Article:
Local religious institutions look to increase security and safety

MEDFORD, Ore.– A pair of weekend attacks, one at a church in Texas and another at a rabbi’s home in New York, have religious institutions talking security.

Those in the Rogue Valley are aware that times, unfortunately, have changed. Churches and synagogues, what many people consider perhaps the safest places you can find, are taking steps to increase security for services.

But they’re also being proactive in other ways.

The attacks at the West Freeway Church of Christ and the home of Rabbi Chaim L. Rottenberg are the latest in deadly assaults on religious entities. In the Rogue Valley, churches and synagogues are doing what they can to ensure safety.

“When we think about people that are thinking, ‘Hey should I go to church today?’ The last thing on their mind should be worrying about whether they’re going to make it home,” said Jonathan Russell, assistant to the president for multimedia communication for the Oregon Conference of Seventh-day Adventists.

Russell says some churches view this as an uncomfortable conversation but it’s one that needs to be discussed. He says already churches within the conference have been openly having this discussion so as to address problems and find solutions.

“It makes me upset, it makes me angry that we need to be having these thoughts and even be pursuing any kind of safety measures in our churches,” said Russell. “I mean we want our churches to be safe places for people who are seeking faith.”

Churches in the conference have taken proactive steps such as working with law enforcement more closely and taking classes to identify potential threats. Medford’s Seventh-day Adventist Church is even offering an active shooter training to the public in the coming months. Russell says they had scheduled it for sooner but no one had signed up in time. They plan to open it up again for the first half of 2020 if there is still interest.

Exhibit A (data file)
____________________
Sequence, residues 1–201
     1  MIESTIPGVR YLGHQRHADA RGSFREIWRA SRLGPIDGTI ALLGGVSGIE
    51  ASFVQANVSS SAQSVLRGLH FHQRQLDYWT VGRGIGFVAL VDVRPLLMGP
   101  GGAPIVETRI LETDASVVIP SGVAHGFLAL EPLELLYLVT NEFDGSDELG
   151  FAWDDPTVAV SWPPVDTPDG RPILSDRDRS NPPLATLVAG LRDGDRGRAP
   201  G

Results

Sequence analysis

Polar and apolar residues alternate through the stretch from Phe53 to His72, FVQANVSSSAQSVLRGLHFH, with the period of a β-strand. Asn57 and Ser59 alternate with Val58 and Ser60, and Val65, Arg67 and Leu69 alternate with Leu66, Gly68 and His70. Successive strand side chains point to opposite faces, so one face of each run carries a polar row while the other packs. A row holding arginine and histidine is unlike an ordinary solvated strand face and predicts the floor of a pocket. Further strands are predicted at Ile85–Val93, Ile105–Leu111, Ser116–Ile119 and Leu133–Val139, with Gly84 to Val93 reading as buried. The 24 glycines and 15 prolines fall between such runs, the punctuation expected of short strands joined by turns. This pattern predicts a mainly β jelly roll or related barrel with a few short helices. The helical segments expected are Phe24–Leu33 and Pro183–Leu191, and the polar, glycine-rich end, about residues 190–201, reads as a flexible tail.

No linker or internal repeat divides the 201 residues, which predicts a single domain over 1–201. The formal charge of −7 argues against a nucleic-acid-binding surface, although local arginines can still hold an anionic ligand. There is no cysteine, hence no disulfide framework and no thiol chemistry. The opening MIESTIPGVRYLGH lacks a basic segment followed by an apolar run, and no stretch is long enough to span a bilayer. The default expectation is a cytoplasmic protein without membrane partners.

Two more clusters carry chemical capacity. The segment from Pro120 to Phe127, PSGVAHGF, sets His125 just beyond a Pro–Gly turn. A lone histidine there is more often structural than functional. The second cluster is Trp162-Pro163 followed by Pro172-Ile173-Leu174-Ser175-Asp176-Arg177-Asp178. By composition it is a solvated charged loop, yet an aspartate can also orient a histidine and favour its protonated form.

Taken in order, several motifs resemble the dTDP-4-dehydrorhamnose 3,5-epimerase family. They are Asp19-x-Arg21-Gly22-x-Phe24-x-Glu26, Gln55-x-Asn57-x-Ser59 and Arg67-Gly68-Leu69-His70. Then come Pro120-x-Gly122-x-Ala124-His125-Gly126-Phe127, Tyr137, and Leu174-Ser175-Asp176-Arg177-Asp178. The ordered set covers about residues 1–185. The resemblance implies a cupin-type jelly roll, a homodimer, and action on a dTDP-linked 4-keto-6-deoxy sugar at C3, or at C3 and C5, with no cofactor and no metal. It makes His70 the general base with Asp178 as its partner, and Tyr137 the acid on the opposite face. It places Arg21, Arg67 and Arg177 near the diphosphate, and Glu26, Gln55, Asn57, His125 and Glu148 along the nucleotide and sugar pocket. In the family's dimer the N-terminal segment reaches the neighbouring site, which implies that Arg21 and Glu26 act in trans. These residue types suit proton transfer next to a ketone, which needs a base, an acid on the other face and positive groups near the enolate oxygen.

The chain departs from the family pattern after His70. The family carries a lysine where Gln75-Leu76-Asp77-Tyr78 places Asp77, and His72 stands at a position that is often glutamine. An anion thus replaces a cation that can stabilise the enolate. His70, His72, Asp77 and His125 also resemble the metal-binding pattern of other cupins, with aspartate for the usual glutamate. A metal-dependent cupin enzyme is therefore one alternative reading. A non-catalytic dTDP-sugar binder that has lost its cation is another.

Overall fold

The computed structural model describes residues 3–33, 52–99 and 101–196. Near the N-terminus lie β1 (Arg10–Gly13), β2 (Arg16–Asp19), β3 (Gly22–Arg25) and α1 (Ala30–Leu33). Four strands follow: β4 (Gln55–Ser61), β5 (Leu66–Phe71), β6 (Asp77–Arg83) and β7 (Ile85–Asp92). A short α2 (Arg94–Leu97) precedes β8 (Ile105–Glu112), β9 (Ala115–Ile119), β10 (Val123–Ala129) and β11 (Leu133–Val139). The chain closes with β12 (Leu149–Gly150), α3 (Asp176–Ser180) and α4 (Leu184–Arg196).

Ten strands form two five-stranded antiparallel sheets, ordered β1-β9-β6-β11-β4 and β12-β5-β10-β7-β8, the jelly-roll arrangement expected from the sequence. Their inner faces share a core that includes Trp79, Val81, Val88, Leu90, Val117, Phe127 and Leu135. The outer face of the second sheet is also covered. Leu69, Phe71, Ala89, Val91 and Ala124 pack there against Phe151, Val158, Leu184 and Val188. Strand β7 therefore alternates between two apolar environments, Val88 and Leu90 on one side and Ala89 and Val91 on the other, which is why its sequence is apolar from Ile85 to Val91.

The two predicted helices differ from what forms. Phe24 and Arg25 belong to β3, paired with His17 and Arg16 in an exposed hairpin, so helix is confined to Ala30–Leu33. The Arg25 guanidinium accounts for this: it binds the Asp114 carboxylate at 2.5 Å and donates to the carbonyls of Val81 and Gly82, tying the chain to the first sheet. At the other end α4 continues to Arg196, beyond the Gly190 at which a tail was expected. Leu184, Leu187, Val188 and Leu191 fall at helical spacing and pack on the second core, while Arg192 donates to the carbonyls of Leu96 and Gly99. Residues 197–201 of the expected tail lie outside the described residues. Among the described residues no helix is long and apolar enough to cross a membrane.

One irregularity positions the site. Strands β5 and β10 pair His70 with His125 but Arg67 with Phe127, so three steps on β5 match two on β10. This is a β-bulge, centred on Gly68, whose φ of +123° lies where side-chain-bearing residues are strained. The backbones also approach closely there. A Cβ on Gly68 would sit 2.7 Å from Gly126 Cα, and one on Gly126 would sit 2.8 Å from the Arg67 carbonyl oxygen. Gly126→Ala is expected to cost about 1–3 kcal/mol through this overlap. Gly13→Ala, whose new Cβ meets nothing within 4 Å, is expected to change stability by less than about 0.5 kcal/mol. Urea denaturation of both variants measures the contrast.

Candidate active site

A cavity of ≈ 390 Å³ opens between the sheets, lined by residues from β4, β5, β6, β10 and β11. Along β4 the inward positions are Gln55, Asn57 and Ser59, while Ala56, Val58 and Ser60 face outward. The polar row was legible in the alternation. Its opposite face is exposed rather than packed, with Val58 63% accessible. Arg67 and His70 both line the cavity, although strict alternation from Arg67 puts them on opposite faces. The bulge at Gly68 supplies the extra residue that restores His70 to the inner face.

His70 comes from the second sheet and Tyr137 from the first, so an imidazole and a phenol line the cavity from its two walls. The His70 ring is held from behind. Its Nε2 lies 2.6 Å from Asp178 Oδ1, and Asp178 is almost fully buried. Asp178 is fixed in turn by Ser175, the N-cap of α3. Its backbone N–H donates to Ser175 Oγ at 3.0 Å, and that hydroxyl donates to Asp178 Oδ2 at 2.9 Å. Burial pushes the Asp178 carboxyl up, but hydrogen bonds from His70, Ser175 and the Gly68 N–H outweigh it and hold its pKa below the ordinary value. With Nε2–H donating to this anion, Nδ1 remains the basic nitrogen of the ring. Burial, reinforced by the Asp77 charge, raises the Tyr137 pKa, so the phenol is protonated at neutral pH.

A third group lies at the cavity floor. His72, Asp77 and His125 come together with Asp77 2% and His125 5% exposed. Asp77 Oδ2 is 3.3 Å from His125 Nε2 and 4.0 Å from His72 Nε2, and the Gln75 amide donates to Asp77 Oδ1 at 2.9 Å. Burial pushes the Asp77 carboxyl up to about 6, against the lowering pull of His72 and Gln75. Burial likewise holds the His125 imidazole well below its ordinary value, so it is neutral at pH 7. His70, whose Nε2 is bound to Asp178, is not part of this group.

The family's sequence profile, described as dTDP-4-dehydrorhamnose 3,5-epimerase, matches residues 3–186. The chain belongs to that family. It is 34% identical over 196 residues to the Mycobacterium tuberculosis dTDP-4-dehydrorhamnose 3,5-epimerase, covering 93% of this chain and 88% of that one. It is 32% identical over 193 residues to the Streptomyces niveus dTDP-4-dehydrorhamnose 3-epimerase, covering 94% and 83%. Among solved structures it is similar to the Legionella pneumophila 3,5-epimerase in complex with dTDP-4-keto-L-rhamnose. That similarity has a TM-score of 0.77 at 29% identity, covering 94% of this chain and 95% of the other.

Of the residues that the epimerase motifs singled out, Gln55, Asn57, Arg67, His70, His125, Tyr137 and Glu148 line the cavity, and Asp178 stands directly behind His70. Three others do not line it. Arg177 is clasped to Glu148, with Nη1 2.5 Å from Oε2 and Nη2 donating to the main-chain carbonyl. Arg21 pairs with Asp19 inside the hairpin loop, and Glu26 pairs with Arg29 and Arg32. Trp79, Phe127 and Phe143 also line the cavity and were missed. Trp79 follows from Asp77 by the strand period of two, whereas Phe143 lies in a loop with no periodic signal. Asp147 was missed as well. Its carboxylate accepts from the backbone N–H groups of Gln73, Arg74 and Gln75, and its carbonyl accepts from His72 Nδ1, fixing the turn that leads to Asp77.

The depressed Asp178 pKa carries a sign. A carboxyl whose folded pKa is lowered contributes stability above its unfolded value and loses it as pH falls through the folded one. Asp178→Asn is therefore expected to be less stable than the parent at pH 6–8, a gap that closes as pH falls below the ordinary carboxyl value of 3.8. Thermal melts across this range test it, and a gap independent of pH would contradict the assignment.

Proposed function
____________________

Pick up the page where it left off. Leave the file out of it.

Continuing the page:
In Ashland, the Chabad Jewish Comunity Center is taking proactive security measures as well. While they couldn’t describe what exactly, Rabbi Avi Zwibel says they’re making sure their community is secure.

“I don’t want to get into it specifically, we are doing whatever it takes to secure and have self-defense in our synagogue,” he said. “We won’t allow such things to be vulnerable in such situations.”

Rabbi Zwibel says it’s tragic that religious institutions in the U.S. have to be doing this. He remembers a time when that wasn’t the case

“It was more of a luxury having security but we did feel like we’re in America, we’re secure,” he said. “But it doesn’t seem like that’s the case any longer, unfortunately.”

Zwibel says they will continue working with law enforcement and providing security when needed. But he says religious groups need to be asking questions and working to find solutions.

“The bigger picture is why does this happen? What brings people to such hate?” he said. “And there’s always that response, the Jewish response, is to respond with darkness and hate with love and light.”

If you would like to know more about the active shooter training, you can check out ALICE Training Institute or call Medford Seventh-day Adventist for more information. A class sign-up should be uploaded around January 15.

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